Oscar Pistorius released on parole after 2013 shooting of girlfriend

The former athlete served nearly nine years of his 13 years and five months murder sentence for killing Reeva Steenkamp.

South African athlete Oscar Pistorius has been released from prison on parole, more than a decade after he shot his girlfriend in a Valentine’s Day killing that shattered the reputation of a sports superstar.

The Department of Corrections gave no more details of Pistorius’ release on Friday.

The announcement came at about 8.30am local time, indicating corrections officials had released the world-famous double-amputee Olympic runner from the Atteridgeville correctional centre in the capital Pretoria in the early hours.

Pistorius has served nearly nine years of his 13 years and five months murder sentence for killing Reeva Steenkamp in 2013. He was approved for parole in November.

Serious offenders in South Africa are eligible for parole after serving at least half their sentence.

TV crews, photographers and news reporters had gathered outside the gates of the correctional centre in before 6am, waiting to catch a glimpse of Pistorius, 37.

He is expected to initially live at his uncle’s mansion in the upscale Pretoria suburb of Waterkloof, where he lived during his murder trial and where he was held on house arrest for a period in 2015-2016.

Bright yellow traffic barriers have been placed across a road leading to his uncle’s house, possibly in preparation for Pistorius’ arrival.

Steenkamp’s mother, June Steenkamp, said in a statement that she had accepted Pistorius’ parole as part of South African law.

She said: “Has there been justice for Reeva? Has Oscar served enough time? There can never be justice if your loved one is never coming back, and no amount of time served will bring Reeva back.

“We who remain behind are the ones serving a life sentence.

“With the release of Oscar Pistorius on parole, my only desire is that I will be allowed to live my last years in peace with my focus remaining on the Reeva Rebecca Steenkamp Foundation, to continue Reeva’s legacy.”

Pistorius will live under strict conditions until the remainder of his sentence expires in December 2029, the Department of Corrections said.

It emphasised that the multiple Paralympic champion’s release — like every other offender on parole — does not mean that he has served his time.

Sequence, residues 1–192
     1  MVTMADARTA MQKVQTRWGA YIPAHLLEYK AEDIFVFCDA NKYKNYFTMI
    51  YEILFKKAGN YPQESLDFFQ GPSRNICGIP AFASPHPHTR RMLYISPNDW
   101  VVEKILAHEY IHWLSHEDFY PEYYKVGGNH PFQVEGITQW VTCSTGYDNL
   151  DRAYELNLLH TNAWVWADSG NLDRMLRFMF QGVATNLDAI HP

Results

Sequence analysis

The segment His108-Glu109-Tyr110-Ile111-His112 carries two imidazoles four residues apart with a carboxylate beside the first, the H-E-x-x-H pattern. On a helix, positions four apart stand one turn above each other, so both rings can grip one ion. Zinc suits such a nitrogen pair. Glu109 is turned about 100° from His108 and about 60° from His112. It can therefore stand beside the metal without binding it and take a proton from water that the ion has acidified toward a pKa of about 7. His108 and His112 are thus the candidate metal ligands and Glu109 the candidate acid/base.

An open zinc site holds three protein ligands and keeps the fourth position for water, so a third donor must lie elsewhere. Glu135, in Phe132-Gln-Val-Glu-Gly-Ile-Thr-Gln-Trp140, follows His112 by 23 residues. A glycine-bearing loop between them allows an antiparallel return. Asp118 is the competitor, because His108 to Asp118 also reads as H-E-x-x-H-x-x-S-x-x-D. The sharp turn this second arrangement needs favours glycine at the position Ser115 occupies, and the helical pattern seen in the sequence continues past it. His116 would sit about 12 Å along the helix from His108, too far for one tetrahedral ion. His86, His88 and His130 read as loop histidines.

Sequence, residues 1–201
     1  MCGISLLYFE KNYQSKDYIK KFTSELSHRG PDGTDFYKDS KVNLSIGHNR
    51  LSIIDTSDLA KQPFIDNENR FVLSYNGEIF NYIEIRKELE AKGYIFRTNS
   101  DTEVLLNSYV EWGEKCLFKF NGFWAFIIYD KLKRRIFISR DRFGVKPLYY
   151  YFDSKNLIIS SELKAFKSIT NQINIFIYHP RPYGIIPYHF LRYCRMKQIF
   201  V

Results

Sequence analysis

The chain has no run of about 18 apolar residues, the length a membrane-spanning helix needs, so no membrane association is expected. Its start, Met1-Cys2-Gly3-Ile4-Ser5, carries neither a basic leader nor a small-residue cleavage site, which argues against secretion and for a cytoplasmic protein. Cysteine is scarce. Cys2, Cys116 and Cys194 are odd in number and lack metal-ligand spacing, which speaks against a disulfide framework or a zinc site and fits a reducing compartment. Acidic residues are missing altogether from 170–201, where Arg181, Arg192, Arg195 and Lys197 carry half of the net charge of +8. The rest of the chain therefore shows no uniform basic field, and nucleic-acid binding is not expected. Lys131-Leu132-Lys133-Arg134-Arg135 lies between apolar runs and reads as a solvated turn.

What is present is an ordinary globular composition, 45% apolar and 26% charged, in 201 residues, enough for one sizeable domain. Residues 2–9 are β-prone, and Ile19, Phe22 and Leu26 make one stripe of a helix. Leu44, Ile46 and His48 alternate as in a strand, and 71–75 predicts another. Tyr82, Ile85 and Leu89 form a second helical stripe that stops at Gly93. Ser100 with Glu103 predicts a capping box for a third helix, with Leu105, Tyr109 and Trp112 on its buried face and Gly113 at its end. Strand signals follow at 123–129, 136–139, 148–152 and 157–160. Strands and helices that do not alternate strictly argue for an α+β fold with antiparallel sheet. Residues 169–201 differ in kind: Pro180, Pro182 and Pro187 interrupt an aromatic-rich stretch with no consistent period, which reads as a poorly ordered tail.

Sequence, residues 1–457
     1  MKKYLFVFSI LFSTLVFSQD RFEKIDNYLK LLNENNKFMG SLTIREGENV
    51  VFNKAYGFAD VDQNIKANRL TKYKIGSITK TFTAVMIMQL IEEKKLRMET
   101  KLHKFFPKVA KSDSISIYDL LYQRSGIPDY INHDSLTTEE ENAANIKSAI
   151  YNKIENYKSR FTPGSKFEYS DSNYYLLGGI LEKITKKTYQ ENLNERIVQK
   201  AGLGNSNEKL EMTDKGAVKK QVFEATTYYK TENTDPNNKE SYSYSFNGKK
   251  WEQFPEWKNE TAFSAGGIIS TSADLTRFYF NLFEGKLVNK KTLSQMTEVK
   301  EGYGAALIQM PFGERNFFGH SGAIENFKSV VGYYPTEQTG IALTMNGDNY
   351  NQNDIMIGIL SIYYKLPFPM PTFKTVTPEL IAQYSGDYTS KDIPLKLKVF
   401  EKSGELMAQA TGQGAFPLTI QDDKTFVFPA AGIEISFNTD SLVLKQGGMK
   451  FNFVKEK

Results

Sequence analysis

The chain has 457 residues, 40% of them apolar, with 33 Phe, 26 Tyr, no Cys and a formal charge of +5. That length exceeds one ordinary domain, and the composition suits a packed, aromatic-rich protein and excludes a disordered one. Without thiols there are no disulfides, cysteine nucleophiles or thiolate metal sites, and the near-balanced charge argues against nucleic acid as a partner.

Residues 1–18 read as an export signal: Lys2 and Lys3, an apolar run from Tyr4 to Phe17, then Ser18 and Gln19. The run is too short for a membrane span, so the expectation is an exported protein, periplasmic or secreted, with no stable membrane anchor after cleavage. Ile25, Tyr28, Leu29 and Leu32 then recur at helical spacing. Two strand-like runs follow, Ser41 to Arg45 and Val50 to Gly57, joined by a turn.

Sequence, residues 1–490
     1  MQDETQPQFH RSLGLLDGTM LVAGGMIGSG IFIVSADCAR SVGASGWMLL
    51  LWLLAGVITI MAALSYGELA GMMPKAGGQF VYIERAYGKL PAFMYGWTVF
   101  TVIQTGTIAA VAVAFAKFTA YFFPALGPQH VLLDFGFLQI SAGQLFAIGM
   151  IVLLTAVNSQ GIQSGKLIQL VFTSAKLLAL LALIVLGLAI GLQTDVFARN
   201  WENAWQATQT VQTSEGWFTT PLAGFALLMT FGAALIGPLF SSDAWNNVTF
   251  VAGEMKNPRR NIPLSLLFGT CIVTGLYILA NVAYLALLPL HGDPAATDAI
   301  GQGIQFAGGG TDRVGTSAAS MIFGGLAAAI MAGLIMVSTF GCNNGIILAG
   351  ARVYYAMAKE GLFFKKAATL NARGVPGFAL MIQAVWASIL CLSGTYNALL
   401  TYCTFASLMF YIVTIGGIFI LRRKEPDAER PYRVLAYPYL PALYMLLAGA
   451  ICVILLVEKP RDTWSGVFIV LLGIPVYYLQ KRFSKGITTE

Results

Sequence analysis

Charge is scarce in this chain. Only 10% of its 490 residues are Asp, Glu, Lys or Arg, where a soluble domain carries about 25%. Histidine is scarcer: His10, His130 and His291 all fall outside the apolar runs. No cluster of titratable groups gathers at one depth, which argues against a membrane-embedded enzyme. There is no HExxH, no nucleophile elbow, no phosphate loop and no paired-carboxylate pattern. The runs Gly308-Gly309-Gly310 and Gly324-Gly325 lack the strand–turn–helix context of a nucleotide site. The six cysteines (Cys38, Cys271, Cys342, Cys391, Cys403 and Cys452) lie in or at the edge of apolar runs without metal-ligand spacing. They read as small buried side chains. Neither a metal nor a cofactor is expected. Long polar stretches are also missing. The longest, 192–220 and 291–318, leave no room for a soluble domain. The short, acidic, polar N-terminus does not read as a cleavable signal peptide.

Some of Pistorius’ parole conditions include restrictions on when he is allowed to leave his home, a ban on consuming alcohol and orders that he must attend programmes on anger management and on violence against women. He will have to perform community service.

Pistorius will also have to regularly meet with parole officials at his home and at correctional services offices, and will be subjected to unannounced visits by authorities.

He is not allowed to leave the Waterkloof district without permission and is banned from speaking to the media until the end of his sentence.

He could be sent back to jail if he is in breach of any of his parole conditions.

South Africa does not use tags or bracelets on paroled offenders so Pistorius will not wear any monitoring device, Department of Corrections officials said.

He will be constantly monitored by a department official and will have to inform the official of any major changes in his life, such as if he wants to get a job or move to another house.

Pistorius has maintained that he shot Steenkamp, a 29-year-old model and law graduate, by mistake.

He testified that he believed Steenkamp was a dangerous intruder hiding in his bathroom and shot through the door with his licensed 9mm pistol in self-defence.

Prosecutors said he killed his girlfriend intentionally during a late-night argument.

Before the killing, Pistorius was held up as an inspiring role model after having had both of his legs amputated below the knee as a baby because of a congenital condition.

He became a champion sprinter on his carbon-fibre running blades and made history by competing at the 2012 London Olympics.

His murder trial destroyed his image as he was accused of being prone to angry outbursts and acting recklessly with guns while witnesses testified about various altercations he had with others, including an argument in which he allegedly threatened to break a man’s legs.

Pistorius was first convicted of culpable homicide — a charge comparable to manslaughter — and sentenced to five years in prison for killing Steenkamp.

After appeals by prosecutors, he was ultimately found guilty of murder and had his sentence increased, although that judgment by the Supreme Court of Appeal still did not definitively rule that he knew it was Steenkamp behind the toilet door.

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